Back in 2010 the White House took the pledge to install solar panels. It took four years, but then finally they managed to get them installed. The PR machine got in overdrive again:
Obama wants to use his personal example to spur families and businesses to do more to reduce reliance on foreign energy and cut emissions blamed for global warming.
Solar panels at the White House are a really important message that solar is here, we are doing it, we can do a lot more, Energy Secretary Ernest Moniz said in a video released by the White House.
That message is clear. It is nice of course that the President want to lead by example, but how much of a dent do those panels make in the energy use of White House? How big is the desire to act on the issue that is deemed so very important?
The panels are expected to generate 6.3 kilowatts of solar power whenever the sun shines, the White House said.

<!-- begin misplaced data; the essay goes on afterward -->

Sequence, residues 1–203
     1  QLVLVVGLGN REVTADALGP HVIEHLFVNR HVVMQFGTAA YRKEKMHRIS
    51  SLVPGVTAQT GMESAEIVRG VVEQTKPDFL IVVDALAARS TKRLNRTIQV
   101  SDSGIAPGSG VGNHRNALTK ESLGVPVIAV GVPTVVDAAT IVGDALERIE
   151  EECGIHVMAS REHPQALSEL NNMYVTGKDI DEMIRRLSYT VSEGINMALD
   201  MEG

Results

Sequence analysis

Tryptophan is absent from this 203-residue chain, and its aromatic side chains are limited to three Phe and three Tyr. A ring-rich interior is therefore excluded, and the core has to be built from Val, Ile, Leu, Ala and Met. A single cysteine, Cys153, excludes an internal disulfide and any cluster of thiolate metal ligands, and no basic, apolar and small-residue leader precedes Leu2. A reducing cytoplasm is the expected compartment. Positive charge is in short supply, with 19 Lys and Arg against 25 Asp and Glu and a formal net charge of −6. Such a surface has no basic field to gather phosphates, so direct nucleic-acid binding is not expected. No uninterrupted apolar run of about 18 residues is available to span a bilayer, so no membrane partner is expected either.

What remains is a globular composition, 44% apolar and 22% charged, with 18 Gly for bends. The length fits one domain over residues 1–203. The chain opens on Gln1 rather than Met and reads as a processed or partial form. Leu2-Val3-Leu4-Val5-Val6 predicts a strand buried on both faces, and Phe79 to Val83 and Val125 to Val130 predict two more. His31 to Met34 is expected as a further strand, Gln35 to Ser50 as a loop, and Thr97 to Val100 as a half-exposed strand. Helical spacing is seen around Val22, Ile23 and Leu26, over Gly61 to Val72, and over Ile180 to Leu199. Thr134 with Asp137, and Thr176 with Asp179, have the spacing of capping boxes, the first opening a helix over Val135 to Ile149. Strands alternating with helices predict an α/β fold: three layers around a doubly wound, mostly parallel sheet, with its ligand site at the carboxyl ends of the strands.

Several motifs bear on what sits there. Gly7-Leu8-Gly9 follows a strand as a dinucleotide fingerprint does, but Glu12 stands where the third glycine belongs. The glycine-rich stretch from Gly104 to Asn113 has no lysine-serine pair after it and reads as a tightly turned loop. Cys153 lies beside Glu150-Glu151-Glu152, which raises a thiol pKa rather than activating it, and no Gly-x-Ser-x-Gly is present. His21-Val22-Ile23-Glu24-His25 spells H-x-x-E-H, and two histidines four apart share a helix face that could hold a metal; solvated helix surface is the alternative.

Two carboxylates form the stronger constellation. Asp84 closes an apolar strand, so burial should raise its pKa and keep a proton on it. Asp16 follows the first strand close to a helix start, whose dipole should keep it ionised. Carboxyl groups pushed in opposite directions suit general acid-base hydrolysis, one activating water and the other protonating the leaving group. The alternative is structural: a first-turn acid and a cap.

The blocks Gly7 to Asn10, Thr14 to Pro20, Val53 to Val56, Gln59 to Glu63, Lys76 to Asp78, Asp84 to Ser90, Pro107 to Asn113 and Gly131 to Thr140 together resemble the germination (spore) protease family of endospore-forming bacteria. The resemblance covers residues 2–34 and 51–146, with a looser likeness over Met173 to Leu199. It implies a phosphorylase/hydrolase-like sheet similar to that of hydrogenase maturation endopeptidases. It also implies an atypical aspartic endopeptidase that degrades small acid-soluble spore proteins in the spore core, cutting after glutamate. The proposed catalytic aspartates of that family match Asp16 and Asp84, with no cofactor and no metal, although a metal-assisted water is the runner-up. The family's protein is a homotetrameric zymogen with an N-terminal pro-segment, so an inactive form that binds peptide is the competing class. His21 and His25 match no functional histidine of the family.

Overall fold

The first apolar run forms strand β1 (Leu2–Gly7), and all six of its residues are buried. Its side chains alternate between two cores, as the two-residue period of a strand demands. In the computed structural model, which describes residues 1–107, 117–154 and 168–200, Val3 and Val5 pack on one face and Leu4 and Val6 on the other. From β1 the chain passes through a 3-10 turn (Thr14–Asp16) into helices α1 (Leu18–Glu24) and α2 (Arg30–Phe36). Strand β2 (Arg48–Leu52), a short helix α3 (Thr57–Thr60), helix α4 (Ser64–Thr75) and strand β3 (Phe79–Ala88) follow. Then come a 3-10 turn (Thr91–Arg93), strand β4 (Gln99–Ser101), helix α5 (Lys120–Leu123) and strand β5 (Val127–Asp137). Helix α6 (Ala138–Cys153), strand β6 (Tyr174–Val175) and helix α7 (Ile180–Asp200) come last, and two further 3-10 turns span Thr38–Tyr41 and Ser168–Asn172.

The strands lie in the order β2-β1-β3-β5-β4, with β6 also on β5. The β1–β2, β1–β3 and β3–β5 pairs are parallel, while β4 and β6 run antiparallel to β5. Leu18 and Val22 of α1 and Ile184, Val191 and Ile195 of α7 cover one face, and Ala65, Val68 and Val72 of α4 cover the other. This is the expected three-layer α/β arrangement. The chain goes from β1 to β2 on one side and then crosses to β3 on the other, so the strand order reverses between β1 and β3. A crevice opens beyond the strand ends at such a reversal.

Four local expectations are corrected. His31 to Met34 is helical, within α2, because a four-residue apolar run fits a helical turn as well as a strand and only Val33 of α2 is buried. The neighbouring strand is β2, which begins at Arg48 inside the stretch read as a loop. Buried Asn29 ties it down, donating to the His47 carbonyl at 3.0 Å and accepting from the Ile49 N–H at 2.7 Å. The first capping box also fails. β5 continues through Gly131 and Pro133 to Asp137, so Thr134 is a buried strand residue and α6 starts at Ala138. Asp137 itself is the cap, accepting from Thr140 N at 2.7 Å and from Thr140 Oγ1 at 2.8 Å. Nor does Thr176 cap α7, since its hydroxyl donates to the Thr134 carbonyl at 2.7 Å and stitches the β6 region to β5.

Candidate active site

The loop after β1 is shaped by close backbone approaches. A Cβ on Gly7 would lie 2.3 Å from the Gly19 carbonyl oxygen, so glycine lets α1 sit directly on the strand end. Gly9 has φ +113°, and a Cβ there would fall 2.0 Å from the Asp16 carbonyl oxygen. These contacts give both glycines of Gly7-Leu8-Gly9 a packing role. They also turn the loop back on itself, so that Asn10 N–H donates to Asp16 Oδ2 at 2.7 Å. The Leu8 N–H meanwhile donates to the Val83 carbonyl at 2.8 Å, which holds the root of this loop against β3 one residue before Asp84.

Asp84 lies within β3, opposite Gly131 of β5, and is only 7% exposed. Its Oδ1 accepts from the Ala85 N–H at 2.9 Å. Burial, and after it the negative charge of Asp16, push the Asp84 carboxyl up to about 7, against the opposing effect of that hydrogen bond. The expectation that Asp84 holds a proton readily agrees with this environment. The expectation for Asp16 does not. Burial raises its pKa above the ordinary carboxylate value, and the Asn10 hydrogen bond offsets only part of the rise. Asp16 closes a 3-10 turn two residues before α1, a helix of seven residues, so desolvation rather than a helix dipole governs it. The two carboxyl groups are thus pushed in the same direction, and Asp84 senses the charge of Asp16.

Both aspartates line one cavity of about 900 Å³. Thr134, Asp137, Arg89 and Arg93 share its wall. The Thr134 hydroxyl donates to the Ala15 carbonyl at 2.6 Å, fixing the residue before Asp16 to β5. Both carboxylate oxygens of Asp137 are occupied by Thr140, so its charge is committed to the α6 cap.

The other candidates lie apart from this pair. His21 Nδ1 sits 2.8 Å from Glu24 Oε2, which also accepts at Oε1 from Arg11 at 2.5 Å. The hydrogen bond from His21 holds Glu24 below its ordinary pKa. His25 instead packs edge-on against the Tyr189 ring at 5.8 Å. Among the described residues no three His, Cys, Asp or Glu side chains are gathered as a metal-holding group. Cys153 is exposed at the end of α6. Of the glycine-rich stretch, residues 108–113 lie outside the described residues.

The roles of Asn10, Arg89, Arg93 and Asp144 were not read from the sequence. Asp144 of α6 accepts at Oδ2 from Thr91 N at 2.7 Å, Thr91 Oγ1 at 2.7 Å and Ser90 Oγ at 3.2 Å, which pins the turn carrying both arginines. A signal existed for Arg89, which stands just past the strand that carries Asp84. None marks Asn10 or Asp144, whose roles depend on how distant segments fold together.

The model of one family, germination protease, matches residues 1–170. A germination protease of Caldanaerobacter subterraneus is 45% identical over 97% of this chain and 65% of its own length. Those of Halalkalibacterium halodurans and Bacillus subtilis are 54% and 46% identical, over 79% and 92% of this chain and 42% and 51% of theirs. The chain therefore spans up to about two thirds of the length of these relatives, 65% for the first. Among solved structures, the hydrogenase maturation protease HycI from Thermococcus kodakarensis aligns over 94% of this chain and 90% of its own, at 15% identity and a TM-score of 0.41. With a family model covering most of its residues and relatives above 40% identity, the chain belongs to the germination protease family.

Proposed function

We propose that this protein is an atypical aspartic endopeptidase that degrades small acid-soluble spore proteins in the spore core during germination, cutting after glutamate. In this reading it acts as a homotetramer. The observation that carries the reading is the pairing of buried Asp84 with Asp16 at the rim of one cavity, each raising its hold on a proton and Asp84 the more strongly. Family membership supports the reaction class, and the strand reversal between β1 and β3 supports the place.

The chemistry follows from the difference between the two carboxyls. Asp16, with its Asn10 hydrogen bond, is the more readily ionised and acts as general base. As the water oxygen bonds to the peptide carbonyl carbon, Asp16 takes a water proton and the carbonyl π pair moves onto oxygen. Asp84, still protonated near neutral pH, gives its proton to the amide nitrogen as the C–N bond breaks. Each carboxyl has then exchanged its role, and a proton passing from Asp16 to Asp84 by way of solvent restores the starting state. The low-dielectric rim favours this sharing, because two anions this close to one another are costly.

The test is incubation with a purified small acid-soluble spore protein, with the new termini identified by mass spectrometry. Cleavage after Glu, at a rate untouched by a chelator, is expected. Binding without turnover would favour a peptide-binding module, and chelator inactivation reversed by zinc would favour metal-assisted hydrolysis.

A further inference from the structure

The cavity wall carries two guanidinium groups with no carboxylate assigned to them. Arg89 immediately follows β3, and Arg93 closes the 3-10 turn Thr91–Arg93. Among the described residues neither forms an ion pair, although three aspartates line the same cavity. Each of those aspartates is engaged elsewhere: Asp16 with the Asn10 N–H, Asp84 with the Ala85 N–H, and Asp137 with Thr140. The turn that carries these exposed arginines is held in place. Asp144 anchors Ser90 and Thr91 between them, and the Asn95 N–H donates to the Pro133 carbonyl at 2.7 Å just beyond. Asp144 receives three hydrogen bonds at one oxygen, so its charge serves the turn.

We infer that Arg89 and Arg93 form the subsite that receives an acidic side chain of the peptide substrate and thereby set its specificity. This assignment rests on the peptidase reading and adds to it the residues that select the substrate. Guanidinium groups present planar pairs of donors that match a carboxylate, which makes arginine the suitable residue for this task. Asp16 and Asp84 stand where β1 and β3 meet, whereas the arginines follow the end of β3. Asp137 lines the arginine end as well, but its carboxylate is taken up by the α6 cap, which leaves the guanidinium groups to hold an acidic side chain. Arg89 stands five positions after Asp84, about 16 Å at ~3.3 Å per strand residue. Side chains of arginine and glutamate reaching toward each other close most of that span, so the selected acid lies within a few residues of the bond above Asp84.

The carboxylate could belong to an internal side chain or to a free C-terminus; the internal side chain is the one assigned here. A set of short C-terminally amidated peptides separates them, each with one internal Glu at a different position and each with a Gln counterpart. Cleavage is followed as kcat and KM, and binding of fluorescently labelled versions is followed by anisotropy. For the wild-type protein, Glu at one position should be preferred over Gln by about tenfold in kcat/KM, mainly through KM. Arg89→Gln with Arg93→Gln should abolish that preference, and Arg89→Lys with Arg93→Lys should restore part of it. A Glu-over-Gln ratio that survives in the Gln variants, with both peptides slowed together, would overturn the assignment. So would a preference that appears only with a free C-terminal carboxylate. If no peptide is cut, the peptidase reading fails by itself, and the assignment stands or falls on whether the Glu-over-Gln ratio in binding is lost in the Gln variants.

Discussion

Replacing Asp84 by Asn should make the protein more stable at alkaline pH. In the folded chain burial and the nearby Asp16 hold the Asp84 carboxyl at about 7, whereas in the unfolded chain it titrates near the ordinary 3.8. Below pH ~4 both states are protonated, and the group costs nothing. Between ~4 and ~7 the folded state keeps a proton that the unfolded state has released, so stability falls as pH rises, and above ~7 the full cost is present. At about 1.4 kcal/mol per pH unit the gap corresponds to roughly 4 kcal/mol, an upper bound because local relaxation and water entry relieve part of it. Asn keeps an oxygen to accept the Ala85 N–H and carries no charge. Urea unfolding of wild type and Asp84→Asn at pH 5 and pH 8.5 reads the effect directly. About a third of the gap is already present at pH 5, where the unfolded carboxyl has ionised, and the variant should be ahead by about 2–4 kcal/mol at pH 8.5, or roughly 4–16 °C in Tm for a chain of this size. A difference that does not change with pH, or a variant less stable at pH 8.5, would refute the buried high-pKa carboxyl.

That is quite some weasel wording there. This means the panels produce 6.3 KW if (and only if) the sun is shining and everything is optimal. Just to be curious, how much is that? Washington DC is not really the most sunny location. According to solarreviews.com this gives an average production of 3.4 kWh per day for a 1 kW installation.
If I understand it correctly, for a 6.3 kW installation this should be 21.42 kWh per day or 7,818 kWh per year.
Paint me unimpressed, but that is rather low. Even according to European standards. In Belgium the average household electricity use is considered 3,500 kWh per year. So this installation could provide for the average use of 2 Belgian families. In the USA the average power consumption is much higher: in 2012 this was 10,837 kWh per year (almost 30 kWh per day). It seems the White House solar panels don’t even produce enough electricity to meet the average consumption of one American household! I haven’t yet been in the White House, but I think it is safe to assume the electricity consumption of the White House will be wwwweeeellll above that of an average household. That gives a different meaning to “we can do a lot more”. That is the understatement of the year.
Pity that the expected contribution of those panels to the total energy use is not disclosed. Wouldn’t it be a great to know how much of the consumption in the White House is actually supplied by those panels, that are so badly needed to avert global warming? Then this number could inspire families and businesses… 😉